National Early Intervention Longitudinal Study (NEILS) | SRI International

Toggle Menu

National Early Intervention Longitudinal Study (NEILS)

For the U.S. Department of Education, SRI conducted a first-of-its-kind national longitudinal study of infants, toddlers, and their families receiving early intervention services.

From 1996 to 2007, SRI conducted NEILS for the U.S. Department of Education’s Office of Special Education Programs (OSEP). NEILS was the first national study of Part C of the Individuals with Disabilities Education Act (IDEA) early intervention program for infants and toddlers with disabilities, or at risk for developmental delay, and their families.

The study included a nationally representative sample of 3,338 infants and toddlers and their families. NEILS followed children from entry into the early intervention service system through kindergarten. SRI developed a comprehensive conceptual framework for the study that involved data collection about children, families, programs, service providers, and communities to address research questions about the characteristics of service providers in early intervention programs, the services that children and families received, and the outcomes they experienced.

The study designed and conducted annual parent telephone interviews with the sample (children ages 0-5). Special attention was paid to gathering data about indicators of children’s school readiness from a broad perspective (including social development, behavioral engagement, and health, as well as language and cognitive skills). Numerous reports and presentations were produced from these data, including reports for OSEP that were included in annual reports to the U.S. Congress.

The NEILS data are now available in the form of a public use dataset on CD-ROM. (To request a copy of the dataset, please contact cld [at]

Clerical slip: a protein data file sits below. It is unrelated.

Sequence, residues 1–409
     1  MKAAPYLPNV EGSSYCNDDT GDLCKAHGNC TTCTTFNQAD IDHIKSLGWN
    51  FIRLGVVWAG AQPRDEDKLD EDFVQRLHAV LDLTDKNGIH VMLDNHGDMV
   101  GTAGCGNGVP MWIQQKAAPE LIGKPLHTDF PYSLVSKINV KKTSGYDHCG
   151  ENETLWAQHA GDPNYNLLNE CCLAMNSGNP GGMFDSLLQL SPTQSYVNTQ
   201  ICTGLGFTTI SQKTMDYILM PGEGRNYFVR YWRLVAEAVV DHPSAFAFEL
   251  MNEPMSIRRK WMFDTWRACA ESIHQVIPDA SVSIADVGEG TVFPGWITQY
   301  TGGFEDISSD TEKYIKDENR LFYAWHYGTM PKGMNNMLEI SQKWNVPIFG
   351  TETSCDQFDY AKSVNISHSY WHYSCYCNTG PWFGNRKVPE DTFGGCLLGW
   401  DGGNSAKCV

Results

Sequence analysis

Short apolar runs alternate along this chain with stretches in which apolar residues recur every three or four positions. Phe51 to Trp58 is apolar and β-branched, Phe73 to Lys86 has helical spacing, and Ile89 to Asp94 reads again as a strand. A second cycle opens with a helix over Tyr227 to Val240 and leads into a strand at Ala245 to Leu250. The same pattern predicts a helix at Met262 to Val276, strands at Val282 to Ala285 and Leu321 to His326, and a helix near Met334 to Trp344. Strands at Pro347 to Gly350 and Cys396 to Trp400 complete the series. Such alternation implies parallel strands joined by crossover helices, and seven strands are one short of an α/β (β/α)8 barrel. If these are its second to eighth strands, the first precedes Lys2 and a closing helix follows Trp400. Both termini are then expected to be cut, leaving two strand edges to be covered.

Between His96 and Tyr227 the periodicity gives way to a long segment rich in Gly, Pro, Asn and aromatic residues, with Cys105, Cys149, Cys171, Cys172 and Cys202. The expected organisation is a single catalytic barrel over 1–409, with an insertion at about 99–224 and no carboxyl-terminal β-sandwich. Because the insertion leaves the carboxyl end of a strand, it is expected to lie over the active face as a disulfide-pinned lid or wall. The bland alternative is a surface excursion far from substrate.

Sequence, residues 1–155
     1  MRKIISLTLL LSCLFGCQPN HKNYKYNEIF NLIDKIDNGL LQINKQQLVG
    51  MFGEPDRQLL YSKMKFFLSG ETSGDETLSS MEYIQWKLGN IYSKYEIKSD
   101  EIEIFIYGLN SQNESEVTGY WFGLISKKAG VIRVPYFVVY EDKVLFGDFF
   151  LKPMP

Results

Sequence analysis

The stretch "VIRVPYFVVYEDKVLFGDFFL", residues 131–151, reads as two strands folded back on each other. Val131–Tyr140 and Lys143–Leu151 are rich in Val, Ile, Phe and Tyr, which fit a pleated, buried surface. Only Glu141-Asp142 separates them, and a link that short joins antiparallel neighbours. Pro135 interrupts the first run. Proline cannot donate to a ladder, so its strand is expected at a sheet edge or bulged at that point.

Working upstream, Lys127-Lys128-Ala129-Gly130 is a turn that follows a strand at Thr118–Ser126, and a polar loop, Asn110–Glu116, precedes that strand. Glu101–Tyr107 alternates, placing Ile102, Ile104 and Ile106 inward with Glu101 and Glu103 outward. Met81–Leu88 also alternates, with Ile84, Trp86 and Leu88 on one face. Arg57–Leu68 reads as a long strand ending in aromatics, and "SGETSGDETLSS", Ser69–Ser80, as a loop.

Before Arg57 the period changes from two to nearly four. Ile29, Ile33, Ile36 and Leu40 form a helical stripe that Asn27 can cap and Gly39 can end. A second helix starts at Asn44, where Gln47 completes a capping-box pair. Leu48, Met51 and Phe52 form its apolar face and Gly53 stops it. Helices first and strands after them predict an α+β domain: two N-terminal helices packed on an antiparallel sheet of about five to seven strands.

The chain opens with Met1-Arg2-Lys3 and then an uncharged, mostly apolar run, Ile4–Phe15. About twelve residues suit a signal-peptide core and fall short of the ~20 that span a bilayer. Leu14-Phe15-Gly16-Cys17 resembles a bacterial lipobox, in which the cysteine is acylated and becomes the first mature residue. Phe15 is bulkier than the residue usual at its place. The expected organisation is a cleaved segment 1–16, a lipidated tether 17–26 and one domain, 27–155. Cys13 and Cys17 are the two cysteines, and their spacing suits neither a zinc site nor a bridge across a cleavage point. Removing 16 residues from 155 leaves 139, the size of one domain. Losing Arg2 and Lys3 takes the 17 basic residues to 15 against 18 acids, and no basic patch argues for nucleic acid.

Study Design

Five Major Research Questions

  1. Who are the children and families receiving early intervention services?
  2. What early intervention services do participating children and families receive, and how are those services delivered?
  3. What are the costs of these services?
  4. What outcomes do participating children and families experience?
  5. How do outcomes relate to variations in child and family characteristics and services provided?


A nationally representative sample of 3,338 children between birth and 31 months of age and their families who began early intervention services for the first time between September 1997 and November 1998 were recruited for the study. The sample families were recruited in 3 to 7 counties in each of 20 states. The NEILS states are shown in green on the map.

Survey Instruments



This study was made possible through funding from the Office of Special Education Programs in the U.S. Department of Education.

SRI would like to acknowledge and thank the families of children with special needs who so graciously agreed to be part of this study and gave their time to be interviewed. We also would like to thank the service providers and directors of early intervention programs around the country who recruited the families for the study and found time in their busy schedules to complete NEILS data forms. The study families and the service providers who work with them were the backbone of NEILS. The study would not have been possible without their cooperation and support. We thank them on behalf of the next generation of infants and toddlers with special needs who will benefit from their contributions.